Thanassis Stavrakis, Associated Press
Greek journalists keep notes as Greek Prime Minister George Papandreou makes announcement to the Greek people before a meeting with Greek President Karolos Papoulias in Athens, Wednesday, Nov. 9, 2011. Papandreou said a new interim government will seek to defend Greece's debt deal and the country's place in the euro. The screen reads ''The announcement of Papandreou.''
ATHENS, Greece — Greece's laborious power-sharing talks disintegrated into chaos Wednesday, with political leaders failing to name a new prime minister who will take over from George Papandreou and head an interim government, despite three days of negotiations.
The latest setback in more than a week of political turmoil came less than an hour after Papandreou made a televised address to the nation saying Greece's political parties were joining together to save the debt-ridden country from rapidly approaching bankruptcy.
The crisis erupted last week, when Papandreou said he would put a hard-fought €130 billion European debt deal to a referendum — horrifying European leaders, battering international markets and sparking a rebellion within his own party, with lawmakers accusing him of endangering Greece's bailout.
Greece has survived since May 2010 on a €110 billion ($150 billion) rescue loan package from its eurozone partners and the International Monetary Fund. European leaders agreed on a second rescue package on Oct. 27 after marathon negotiations, which involves private bondholders who have agreed to cancel 50 percent of the Greek debt they hold as bonds — although details are still to be worked out.
It was this deal that Papandreou wanted to put to a popular vote. But after the vicious reaction his plan was met with — and an opposition party pledge to support the deal — he withdrew the referendum plan and agreed to stand aside, half way through his four-year term. He is to hand over to an interim government whose main aim will be to secure the next vital €8 billion installment of Greece's current bailout and approve the debt agreement before February elections.
However, after a historic deal with conservative opposition leader Antonis Samaras Sunday night to form the transition government, negotiations dragged on, missing self-imposed deadline after deadline. Repeated pledges to announce a new prime minister came to nothing despite intense European pressure to quickly resolve the crisis.
A final decision had been all but certain Wednesday night, with Papandreou delivering a farewell televised speech to the nation in which he wished his successor well — although he did not name him.
"Today the main political forces are joining together, to guarantee to Greece's citizens that in the following months we will do whatever is necessary not only to secure the country's position in the euro and implement the (debt deal) decisions ... but also to make use of its great benefits," he said.
"I want to wish every success to the new prime minister and the new government. I will stand at their side and will back this national effort to the utmost of my ability."
But less than an hour later, Giorgos Karatzaferis, the head of a small right-wing party, stormed out of political leader talks being chaired by the country's president, Karolos Papoulias. The president's office scheduled another meeting for Thursday morning — and a deal seemed as far away as ever.
Karatzaferis told journalists outside the presidential mansion that the other two political leaders had used "trickery" — but he provided no details.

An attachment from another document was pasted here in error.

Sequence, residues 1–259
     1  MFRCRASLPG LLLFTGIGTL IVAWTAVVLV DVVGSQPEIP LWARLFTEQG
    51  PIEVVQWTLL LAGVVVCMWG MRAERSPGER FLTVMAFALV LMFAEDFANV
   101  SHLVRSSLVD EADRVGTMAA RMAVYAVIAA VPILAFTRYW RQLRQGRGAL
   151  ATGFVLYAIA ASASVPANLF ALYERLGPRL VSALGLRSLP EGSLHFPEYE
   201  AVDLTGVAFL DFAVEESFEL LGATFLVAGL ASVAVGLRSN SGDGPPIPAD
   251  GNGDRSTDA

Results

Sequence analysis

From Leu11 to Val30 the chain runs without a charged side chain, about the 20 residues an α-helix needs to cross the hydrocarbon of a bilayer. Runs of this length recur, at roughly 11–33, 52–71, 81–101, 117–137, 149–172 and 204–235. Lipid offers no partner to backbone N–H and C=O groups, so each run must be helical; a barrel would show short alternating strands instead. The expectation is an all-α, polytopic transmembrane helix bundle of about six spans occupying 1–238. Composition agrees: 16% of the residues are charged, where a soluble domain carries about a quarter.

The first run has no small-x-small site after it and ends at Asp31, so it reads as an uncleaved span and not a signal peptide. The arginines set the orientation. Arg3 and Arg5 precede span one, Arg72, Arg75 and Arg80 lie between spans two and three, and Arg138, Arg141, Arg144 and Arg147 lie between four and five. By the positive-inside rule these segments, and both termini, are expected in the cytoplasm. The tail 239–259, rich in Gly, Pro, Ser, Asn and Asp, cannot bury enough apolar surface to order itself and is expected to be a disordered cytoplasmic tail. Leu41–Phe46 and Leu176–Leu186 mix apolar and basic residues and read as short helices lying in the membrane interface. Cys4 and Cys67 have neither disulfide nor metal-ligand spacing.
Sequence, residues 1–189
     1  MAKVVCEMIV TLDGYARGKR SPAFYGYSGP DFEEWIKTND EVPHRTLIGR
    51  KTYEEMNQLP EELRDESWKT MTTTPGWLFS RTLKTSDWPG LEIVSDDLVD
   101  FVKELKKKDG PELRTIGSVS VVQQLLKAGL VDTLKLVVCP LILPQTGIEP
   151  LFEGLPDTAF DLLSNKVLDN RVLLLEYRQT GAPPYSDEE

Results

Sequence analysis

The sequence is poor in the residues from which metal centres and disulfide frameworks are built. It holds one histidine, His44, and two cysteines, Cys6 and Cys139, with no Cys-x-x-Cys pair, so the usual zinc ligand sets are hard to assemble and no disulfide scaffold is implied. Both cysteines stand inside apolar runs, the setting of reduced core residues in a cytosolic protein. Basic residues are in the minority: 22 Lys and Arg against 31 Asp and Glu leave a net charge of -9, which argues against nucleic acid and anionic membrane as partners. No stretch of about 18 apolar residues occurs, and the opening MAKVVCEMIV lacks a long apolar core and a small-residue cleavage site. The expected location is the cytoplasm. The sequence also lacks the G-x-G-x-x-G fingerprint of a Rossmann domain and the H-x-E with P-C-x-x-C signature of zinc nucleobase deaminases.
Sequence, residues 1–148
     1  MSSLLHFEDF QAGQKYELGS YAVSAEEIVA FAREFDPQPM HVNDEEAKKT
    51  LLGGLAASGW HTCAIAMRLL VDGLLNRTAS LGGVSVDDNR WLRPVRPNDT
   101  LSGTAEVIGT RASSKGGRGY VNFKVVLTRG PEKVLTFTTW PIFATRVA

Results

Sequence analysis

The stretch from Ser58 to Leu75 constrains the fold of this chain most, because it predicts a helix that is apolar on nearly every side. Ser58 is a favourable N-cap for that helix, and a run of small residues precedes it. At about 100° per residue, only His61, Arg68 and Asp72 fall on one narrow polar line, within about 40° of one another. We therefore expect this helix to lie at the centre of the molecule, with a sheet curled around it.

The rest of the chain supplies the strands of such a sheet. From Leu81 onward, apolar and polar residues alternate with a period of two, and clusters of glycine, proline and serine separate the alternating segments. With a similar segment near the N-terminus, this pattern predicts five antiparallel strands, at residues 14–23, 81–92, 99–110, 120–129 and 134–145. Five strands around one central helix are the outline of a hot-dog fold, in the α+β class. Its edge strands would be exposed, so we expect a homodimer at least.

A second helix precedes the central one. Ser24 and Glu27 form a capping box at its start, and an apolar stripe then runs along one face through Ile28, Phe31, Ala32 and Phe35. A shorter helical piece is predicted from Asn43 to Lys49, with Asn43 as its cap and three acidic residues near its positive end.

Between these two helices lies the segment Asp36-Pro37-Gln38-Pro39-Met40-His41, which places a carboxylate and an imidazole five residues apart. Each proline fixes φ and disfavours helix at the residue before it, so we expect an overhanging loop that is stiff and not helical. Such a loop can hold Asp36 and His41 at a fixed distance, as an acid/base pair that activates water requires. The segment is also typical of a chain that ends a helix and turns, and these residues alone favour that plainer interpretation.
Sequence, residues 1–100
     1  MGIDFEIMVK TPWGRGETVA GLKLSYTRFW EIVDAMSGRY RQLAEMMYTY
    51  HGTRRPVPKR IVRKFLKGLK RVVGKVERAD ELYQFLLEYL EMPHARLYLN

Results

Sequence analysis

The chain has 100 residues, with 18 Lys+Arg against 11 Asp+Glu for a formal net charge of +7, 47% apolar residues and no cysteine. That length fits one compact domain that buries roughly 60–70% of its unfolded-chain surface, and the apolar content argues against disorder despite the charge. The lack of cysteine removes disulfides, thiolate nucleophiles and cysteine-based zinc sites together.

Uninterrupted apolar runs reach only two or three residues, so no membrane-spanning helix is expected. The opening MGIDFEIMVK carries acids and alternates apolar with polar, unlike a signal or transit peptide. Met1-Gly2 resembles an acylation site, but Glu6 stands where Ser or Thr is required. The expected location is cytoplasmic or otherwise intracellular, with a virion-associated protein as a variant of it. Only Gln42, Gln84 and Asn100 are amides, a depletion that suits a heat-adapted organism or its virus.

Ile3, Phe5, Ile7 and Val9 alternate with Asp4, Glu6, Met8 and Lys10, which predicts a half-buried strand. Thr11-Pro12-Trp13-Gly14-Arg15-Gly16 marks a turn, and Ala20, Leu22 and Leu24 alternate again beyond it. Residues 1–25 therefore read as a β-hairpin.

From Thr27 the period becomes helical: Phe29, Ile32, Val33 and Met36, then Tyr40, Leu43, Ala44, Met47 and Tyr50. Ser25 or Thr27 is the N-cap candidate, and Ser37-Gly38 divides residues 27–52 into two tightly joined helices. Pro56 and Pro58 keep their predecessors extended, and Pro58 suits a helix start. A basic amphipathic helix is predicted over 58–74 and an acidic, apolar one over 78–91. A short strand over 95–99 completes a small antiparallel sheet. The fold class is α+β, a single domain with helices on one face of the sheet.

Samaras, who heads the conservative New Democracy party, angrily laid the blame for the delay with Papandreou's Socialists, implying they had failed to make any concrete proposals for a new prime minister.
"New Democracy will not become a part of the problem. We are deeply dedicated to the country's constitution. The initiative for proposing a new prime minister lies with the governing majority," he said.
Despite numerous names being leaked to the press over the past three days of talks as prospective candidates, none had been announced officially.
"My problem lies not with individuals, my problem is to finally unblock the ... installment and the loan agreement, for the country to get a government — particularly at this crucial international point when markets are going through turbulence," Samaras said.
Over the past couple of days, international attention has focused more on Rome than on Athens amid concerns that Italy's economy was heading the same way as Greece's. The fear that Italy is running out of time to get a handle on its debts hit markets in Europe hard on Wednesday even though Premier Silvio Berlusconi pledged to stand down.
But the latest hitch in Athens is certain to raise concern in Europe, where the Greek turmoil has threatened to spread the debt crisis to other nations and has raised serious questions about the country's membership of the euro.
Former European Central Bank vice president Lucas Papademos had been widely tipped as the strongest candidate for interim prime minister for the past two days. But two officials from the main parties said that by Wednesday afternoon another strong candidate had emerged — current Parliament speaker and former justice and public order minister, Philippos Petsalnikos.
comment on this story
"This is a total shambles," said Panagiotis Lafazanis, deputy of a small left-wing party that refused to join in the cross-party talks. "One party leader is in a room and doesn't know where the other two are," he said of the Wednesday night talks at the presidential palace. "Then names fly around that are leaked to the point where they are almost officially announced. That doesn't work, so everyone leaves. It's a shambles."
Associated Press writer Derek Gatopoulos in Athens contributed to this report.